Eating Peavine - UPDATE December 30, 2014

Red-breasted nuthatch - file photoRed-breasted nuthatch - file photoToday’s 71-second flashback from June 22, 2007, catches June eating peavine (Lathyrus sp.) with Lily at her side Peavine is a legume the bears continue to eat when it’s mature like in the video. It is growing among large-leafed aster (Aster macrophyllus) leaves that were favorites when they emerged but forsaken after a week or two when they began to mature. In the video, June also ignores big bracken fern plants. Unlike the cinnamon ferns June was eating in the flashback of a couple days ago, bracken ferns are not on the menu.

Peavine leaves are efficiently gathered by stripping them sideways through a gap in the teeth called a diastema just behind the first upper premolars—the same as we saw with the fern feeding of a couple days ago.

Lily looked interested and whined a bit—perhaps wanting to nurse or get in on the peavines. It’s hard to tell.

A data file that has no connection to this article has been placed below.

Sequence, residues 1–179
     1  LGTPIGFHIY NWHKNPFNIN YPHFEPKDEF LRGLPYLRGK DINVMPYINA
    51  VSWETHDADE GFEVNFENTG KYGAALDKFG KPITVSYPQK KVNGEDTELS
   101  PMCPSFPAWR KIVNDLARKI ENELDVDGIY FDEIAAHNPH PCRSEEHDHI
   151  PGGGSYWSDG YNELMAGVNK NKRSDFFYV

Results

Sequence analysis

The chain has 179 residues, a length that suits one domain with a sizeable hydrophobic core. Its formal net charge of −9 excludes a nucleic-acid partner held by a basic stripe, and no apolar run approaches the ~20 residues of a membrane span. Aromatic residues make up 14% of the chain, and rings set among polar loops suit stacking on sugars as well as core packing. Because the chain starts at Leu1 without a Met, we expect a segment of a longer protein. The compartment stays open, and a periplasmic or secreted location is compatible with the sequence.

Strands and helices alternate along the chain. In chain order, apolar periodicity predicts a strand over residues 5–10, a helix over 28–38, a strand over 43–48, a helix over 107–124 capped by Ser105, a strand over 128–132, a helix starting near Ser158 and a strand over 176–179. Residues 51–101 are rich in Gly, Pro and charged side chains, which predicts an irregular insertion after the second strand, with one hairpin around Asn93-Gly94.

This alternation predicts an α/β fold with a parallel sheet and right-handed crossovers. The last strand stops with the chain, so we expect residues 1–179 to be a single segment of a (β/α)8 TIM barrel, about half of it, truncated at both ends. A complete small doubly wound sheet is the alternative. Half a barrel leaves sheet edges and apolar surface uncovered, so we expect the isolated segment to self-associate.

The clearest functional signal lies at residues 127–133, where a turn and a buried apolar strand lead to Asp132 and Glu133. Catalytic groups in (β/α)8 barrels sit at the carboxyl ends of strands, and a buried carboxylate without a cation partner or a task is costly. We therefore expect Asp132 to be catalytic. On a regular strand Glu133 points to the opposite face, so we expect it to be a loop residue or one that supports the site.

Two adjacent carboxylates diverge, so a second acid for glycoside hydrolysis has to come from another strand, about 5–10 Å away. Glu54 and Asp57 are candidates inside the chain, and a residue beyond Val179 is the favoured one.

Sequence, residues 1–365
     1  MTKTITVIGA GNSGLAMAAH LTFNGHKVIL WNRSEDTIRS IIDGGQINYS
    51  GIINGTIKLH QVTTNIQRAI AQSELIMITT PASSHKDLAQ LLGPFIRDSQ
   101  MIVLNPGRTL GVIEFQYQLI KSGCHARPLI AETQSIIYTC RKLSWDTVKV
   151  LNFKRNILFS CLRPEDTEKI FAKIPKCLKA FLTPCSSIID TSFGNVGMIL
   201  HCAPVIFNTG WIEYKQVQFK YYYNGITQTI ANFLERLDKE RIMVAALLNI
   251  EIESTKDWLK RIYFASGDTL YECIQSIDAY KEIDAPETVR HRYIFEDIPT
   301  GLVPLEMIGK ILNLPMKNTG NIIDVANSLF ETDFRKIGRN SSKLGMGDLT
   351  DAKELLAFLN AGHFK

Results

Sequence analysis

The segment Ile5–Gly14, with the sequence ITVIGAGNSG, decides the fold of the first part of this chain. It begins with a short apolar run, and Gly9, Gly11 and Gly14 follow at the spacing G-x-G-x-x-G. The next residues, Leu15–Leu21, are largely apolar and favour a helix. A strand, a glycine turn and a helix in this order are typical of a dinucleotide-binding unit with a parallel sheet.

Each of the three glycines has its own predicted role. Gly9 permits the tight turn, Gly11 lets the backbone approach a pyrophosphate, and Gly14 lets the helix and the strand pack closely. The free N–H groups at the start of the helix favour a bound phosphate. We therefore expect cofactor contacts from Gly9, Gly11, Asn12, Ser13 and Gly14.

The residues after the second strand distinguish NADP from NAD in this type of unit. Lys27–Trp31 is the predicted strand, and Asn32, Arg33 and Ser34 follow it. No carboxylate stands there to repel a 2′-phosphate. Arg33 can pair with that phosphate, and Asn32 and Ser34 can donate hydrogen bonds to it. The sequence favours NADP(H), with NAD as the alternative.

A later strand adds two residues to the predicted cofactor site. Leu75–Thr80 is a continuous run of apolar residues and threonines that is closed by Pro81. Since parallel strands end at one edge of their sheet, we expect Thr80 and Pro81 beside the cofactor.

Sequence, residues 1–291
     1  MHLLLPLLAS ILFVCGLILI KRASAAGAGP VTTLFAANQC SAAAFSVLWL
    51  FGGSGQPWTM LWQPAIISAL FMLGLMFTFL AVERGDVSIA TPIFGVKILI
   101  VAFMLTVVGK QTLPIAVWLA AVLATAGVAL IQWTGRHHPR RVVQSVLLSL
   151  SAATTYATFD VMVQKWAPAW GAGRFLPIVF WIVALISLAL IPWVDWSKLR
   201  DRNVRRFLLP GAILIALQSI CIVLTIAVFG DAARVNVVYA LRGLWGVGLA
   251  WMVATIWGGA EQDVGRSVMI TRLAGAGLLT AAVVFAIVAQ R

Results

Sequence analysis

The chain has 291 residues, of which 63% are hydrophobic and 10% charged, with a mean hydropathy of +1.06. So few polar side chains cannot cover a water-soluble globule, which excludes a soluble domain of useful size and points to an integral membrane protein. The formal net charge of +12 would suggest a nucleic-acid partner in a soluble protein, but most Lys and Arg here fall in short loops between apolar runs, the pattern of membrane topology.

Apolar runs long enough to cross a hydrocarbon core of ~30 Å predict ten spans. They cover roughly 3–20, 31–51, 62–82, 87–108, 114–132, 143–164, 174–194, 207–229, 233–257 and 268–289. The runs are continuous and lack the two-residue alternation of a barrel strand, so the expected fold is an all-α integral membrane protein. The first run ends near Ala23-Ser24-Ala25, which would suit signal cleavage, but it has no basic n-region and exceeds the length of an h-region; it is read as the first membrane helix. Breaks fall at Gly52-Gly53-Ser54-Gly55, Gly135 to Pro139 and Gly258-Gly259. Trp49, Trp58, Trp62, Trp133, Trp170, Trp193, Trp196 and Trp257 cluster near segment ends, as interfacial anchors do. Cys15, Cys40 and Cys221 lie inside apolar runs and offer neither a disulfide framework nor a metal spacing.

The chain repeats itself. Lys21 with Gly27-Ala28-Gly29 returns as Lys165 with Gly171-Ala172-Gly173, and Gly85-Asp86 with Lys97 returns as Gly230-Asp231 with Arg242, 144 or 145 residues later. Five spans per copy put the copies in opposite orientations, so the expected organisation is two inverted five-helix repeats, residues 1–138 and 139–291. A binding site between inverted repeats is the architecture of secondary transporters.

Ruffled grouseRuffled grouse - file photoToday I went to a funeral for a friend Mike Hillman who died too early—at 62. Mike was a friend of my old friend Charles Kuralt who bought WELY Radio Station back in the 1990’s. Charles made Mike the station manager. One of Mike’s many talents turned out to be being a great host of a radio program he started with me called “The Bear Facts.” I have fond memories of doing the show with him. Mike made the show fun and kept me from being boring. Later, Mike was a staunch supporter of the Bear Center as a member of the Ely City Council. To this day, his name is on our letterhead as an advisor. About 300 people attended his funeral.

Meanwhile, Lily Fan volunteers were assembling information and pictures for species accounts that will be part of the new Ecology Hall. The pictures will illustrate the lives of northwoods wildlife of this area. One of the pictures is of a red-breasted nuthatch excavating a nest cavity in a dead birch tree where it went on to raise a brood. Another picture was of a young ruffed grouse going about its life in dense cover where it is fairly safe from avian predators. Scott Edgett singlehandedly hung the canoe donated by Lily Fans in the center of the ceiling of the Ecology Hall.

Canoe in Ecology HallCanoe hanging in Ecology Hall

Thank you for all you do.

Lynn Rogers, Biologist, Wildlife Research Institute and North American Bear Center